After Tuesday, GOP rivals turn next to Ohio
FLINT, Mich. ( AP) — Regardless of the outcome of Republican presidential primaries in Michigan and Arizona on Tuesday, Mitt Romney and Rick Santorum appear headed for a showdown next week in Ohio.
Both candidates plan to dash there later this week. The candidates and their allies already are spending heavily on advertising in the Buckeye State. It’s one of 10 that vote a week from Tuesday, with 419 delegates to the Republican National Convention at stake.
“An awful lot of Ohioans are just tuning in to this,” said Terry Casey, a veteran Republican campaign strategist in that state. “It’s going to be a sprint.”
Beyond Ohio, Romney was looking to contests in the West while Santorum focuses on the South.
Rival Newt Gingrich, seeking to inject momentum into his struggling bid, was working to make his stand in his former home state of Georgia and nearby Southern states that also vote on the mega-contest day of March 6. The former House speaker told reporters Sunday: “We hope to win in Georgia, we hope to do well in Oklahoma and Tennessee. We may surprise people in Idaho. We think we have a real fighting chance in Ohio.”
Ron Paul also planned events in upcoming states, showing no willingness to abandon his quest to rack up enough delegates to ensure his followers have a voice at the late summer convention and that the Republican Party which once spurned him welcomes him back into the fold.
All of the divergent strategies suggest the race could go deep into March — if not beyond — without giving any of the candidates a significant edge.
It’s a scenario that all the candidates are anticipating.
“Look, this is going to be a long race, and there’s going to be some ups and downs,” Santorum, a former Pennsylvania senator, said Sunday on ABC’s “This Week.”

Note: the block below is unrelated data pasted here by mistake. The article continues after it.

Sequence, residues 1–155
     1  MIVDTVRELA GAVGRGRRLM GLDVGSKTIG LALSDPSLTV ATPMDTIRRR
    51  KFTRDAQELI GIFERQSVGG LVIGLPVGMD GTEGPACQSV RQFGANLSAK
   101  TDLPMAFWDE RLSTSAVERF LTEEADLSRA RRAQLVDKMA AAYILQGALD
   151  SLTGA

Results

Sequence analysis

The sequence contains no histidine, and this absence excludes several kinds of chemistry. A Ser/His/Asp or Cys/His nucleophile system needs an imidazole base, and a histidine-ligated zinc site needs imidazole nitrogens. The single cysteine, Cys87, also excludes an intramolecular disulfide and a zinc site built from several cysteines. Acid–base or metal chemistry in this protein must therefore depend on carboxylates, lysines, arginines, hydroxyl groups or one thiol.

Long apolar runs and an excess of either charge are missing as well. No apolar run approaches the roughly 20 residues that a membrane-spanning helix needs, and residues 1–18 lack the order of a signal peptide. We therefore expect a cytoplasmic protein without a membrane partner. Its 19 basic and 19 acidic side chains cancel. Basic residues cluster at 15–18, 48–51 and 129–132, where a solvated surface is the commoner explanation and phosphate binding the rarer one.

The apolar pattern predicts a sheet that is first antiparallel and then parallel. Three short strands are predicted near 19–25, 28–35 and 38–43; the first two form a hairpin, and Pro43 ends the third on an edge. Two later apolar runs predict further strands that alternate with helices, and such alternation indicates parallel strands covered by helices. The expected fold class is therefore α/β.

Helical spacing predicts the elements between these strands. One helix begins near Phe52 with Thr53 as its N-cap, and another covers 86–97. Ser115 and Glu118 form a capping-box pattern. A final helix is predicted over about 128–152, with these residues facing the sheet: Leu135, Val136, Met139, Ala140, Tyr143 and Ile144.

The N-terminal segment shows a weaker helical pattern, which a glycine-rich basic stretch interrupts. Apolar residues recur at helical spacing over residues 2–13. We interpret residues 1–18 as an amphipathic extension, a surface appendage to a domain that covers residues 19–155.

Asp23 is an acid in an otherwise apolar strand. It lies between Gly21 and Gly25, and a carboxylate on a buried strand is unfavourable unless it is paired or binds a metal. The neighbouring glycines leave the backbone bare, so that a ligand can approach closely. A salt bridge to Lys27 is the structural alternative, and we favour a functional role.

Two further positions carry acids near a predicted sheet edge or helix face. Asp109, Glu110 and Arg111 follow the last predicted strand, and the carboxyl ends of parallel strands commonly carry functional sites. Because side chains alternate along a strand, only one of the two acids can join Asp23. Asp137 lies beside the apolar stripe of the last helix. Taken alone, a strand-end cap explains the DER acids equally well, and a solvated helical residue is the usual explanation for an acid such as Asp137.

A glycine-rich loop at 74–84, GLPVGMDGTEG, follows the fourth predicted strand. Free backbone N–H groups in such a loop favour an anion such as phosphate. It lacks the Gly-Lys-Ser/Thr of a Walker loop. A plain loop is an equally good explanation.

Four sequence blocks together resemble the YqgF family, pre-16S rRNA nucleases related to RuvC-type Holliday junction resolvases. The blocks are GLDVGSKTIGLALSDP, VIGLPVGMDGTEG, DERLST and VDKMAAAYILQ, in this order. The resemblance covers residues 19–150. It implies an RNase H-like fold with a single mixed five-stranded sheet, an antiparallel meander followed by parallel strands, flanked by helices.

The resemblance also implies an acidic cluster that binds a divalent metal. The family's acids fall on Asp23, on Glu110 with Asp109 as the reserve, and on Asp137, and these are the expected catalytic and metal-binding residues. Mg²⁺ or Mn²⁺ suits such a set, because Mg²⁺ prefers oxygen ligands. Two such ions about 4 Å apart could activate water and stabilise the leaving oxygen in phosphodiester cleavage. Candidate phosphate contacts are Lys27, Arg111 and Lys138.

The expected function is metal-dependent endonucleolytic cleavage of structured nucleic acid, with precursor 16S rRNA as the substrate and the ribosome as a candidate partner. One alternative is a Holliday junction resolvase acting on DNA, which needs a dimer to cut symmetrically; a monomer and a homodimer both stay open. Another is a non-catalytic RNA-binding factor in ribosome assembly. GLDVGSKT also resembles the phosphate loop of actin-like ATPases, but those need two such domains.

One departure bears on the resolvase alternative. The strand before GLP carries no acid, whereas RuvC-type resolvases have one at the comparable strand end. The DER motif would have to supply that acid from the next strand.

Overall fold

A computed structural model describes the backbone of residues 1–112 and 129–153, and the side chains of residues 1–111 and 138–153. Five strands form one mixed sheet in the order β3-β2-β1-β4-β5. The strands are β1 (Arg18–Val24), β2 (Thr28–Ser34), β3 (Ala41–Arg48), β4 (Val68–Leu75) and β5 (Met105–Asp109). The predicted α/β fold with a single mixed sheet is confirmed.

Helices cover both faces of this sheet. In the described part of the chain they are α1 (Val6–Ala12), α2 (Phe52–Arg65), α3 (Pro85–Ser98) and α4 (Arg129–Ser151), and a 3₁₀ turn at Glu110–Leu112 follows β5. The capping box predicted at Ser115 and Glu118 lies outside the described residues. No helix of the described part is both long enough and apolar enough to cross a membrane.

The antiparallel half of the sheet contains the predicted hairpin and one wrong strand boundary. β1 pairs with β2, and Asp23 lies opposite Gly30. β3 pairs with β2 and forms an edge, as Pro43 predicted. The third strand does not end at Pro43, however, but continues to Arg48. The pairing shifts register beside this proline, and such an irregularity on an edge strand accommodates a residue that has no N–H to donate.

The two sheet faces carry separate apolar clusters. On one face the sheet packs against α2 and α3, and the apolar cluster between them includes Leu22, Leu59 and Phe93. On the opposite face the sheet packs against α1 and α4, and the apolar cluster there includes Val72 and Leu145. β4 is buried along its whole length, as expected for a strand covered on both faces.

On “ Fox News Sunday,” Romney, a former Massachusetts governor, chimed in with: “How long the process goes on, I think it’s hard to predict.”
Gingrich argued that a drawn-out campaign would give states like California, which holds its primary June 5, a large role in the nominating contest.
Heading into Tuesday’s contests, Romney leads in the race to amass the most delegates with 123. Santorum has 72, while Gingrich and Paul have 32 and 19, respectively. The totals include endorsements from Republican National Committee members who will automatically attend the party’s national convention and can support any candidate they choose.
A candidate needs 1,144 delegates to secure the nomination.
Both Arizona and Michigan each lost half their delegates for holding contests before March 6.
Whoever wins Arizona, where polls show Romney with a lead, will get all 29 of the state’s delegates. But Michigan will divide its 30 delegates by giving two to the winner of each of the 14 congressional districts in the state. The final two delegates are awarded in proportion to the statewide vote, probably to the top two candidates, if both get more than 25 percent of the vote.
Washington’s caucuses are Saturday, when 40 delegates are at stake, followed by Super Tuesday contests in Alaska ( 24), Georgia ( 76), Idaho ( 32), Massachusetts (38), North Dakota (28), Oklahoma ( 40), Ohio ( 63), Tennessee (55), Vermont (17) and Virginia (46). Also, Wyoming Republicans will hold county conventions from March 6 through March 10, with 12 delegates up for grabs.